- The first attribute, Individual Internalization, focuses on the successor. Here the external advisor can help find and build the necessary unique abilities that the successor needs to bring into the appointed role. What are the necessary skills anyway? Do the skillsets of the incumbent suffice in today’s market, or has the business developed in a way that requires new skills? Once the skills have been mapped out, how is the succession communicated to the wider environment (both internally, i.e., in the family, and externally, i.e. in the family business or wider community)?
- With the second attribute, Relational Recognition, the external advisor can be of invaluable help to the successor in supporting his leadership bid. Placing the successor in the right positions, where he can gain the right experience and expertise needed for the next jump. At the same time being aware of the internal dynamics of the family business. The external advisor ideally holds a position within the family business to this effect (either in senior management or at the board level). It is not too far a stretch of the imagination to establish a specific board position to this effect in larger family businesses, considering the importance of a successful transition from one generation to the next.
- Finally, the external advisor can aid the successor and the incumbent in the Collective Endorsement by reminding and influencing family members to “stick to the plan”, by communicating with other family members specifically on the topic of succession planning and how the plan is developing. Finally, the external advisor should provide support and cover against critical voices from within other family branches so that the successor is not dissuaded from attaining the position. A healthy level of criticism should be encouraged, but the level of criticism should not exceed a level of decency that results in the Individual Internalization breaking away completely and the succession plan is thrown into disarray just because a family branch “barked the loudest”.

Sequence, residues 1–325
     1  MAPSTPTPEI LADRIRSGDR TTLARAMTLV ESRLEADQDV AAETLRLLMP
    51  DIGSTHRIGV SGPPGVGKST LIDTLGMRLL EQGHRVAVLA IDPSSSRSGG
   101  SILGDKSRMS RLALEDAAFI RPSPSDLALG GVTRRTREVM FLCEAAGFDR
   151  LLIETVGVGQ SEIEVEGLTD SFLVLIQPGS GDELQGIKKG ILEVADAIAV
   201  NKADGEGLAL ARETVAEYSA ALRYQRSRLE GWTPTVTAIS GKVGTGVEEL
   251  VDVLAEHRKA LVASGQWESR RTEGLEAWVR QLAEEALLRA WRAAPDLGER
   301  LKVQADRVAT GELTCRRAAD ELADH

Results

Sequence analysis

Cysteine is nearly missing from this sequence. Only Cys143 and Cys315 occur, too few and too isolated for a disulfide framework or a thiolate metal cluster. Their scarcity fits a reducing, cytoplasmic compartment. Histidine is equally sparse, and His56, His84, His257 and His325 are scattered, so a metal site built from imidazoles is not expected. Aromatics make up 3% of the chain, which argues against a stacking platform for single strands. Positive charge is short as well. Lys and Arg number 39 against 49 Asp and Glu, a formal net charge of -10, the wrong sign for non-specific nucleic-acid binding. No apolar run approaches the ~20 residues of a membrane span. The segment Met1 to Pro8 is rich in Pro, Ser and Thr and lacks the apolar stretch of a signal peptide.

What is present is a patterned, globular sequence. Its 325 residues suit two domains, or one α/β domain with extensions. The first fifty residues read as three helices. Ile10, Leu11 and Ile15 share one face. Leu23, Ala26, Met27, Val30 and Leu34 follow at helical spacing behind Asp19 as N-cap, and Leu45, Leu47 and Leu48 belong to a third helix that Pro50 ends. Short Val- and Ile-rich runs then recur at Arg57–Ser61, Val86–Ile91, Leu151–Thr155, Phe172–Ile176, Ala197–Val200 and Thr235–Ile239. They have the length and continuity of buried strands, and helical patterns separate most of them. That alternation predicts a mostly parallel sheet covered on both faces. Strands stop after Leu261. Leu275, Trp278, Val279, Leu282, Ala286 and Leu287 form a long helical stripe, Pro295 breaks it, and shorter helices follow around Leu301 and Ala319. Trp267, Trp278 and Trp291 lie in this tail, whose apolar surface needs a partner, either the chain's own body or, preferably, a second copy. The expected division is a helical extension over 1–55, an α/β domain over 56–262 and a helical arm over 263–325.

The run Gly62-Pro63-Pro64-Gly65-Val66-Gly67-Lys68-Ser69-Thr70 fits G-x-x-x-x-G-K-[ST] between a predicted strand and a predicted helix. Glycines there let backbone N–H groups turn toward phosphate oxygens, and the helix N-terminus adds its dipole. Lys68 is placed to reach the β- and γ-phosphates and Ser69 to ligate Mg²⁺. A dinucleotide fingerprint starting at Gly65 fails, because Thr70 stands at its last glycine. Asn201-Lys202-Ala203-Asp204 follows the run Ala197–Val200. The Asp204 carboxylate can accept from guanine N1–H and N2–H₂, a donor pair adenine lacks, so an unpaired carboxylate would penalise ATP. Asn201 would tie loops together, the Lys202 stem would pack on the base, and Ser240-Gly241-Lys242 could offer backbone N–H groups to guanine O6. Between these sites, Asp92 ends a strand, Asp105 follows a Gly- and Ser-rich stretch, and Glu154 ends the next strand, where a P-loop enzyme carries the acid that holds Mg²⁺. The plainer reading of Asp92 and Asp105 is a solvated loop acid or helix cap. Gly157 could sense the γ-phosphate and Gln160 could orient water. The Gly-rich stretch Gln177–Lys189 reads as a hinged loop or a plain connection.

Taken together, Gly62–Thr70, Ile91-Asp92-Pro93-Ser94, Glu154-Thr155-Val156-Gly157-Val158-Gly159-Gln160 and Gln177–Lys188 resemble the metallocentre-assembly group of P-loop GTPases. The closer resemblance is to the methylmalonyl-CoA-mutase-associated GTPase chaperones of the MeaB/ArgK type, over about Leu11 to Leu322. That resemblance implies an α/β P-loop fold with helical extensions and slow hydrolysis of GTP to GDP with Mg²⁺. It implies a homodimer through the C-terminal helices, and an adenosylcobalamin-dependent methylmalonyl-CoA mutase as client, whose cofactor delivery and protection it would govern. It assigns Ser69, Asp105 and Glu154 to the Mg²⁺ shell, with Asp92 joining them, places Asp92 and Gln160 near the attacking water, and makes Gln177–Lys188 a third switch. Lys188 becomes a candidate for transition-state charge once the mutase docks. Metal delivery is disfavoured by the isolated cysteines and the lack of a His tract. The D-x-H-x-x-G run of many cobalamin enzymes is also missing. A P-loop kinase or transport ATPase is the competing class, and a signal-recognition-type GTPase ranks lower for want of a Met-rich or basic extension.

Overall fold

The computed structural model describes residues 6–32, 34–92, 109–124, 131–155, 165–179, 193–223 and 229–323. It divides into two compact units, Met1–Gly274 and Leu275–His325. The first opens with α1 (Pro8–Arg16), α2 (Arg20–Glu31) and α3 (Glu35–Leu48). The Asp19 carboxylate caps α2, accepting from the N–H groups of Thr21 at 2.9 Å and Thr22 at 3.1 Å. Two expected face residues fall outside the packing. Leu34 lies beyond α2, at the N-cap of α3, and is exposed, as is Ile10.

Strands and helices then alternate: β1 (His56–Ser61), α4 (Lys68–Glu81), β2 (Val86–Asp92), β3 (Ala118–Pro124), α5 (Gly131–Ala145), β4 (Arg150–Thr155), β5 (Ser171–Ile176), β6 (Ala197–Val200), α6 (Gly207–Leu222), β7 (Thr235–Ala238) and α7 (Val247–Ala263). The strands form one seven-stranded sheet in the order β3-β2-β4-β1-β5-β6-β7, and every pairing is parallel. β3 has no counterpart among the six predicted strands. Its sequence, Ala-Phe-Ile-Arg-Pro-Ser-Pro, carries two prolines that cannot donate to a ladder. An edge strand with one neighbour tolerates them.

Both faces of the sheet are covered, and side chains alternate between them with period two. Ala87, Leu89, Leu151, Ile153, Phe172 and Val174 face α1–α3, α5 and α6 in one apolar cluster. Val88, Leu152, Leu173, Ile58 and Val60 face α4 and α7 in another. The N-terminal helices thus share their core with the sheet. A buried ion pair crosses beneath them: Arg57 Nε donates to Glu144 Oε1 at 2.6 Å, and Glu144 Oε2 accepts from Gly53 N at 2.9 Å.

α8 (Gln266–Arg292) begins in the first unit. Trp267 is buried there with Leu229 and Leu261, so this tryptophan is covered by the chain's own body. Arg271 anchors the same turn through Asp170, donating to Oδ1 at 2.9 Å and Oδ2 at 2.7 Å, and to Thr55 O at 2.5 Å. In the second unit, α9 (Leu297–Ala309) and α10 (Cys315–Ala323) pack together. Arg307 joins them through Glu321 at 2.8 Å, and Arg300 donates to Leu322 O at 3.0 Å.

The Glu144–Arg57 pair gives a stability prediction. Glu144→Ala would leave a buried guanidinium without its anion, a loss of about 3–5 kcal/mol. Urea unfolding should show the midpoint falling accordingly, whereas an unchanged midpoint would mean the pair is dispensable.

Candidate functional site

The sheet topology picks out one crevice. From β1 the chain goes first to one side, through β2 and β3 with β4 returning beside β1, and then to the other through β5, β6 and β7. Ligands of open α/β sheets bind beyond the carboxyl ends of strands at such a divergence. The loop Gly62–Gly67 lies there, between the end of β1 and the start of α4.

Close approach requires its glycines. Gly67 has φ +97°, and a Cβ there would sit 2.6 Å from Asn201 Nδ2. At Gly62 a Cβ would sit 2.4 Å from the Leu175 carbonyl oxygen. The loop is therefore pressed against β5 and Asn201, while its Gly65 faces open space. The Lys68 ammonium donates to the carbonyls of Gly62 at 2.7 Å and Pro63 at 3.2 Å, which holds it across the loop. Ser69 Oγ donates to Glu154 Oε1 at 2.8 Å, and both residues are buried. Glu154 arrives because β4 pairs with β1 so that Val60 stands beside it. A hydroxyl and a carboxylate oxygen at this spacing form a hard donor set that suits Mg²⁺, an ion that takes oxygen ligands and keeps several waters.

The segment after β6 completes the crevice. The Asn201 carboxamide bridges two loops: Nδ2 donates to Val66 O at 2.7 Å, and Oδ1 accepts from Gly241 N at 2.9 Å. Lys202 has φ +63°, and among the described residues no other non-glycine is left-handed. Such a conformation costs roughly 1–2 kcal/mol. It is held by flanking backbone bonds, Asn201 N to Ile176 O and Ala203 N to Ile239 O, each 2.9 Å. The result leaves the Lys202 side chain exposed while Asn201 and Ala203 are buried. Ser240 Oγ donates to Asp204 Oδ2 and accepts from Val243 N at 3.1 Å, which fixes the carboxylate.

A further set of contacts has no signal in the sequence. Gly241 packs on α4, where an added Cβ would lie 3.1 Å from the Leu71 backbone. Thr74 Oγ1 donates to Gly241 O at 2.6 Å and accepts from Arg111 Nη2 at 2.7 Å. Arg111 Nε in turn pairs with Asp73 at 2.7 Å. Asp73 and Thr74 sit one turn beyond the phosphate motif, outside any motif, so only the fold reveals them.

The external advisor takes on an important role in succession – a role that might have been undervalued so far.
The external advisor’s limited tour of duty centers around three topics:
- Leadership promotion – is the identification and development of the successor’s unique abilities, and the communication of the succession plan executed in a structured way?
- Leadership defense – is the successor defended from unjust and unfair criticisms and obstacles from within the family business and the family itself?
- Maintaining and developing the family followership – how are the communication channels between the family and the successor kept open and can all involved parties “stick to the plan”?
All this needs to be established and achieved within a limited time frame given so that when the external advisor bows out gracefully, the successor and the family (and the family business) are in the best possible position to forge their future path.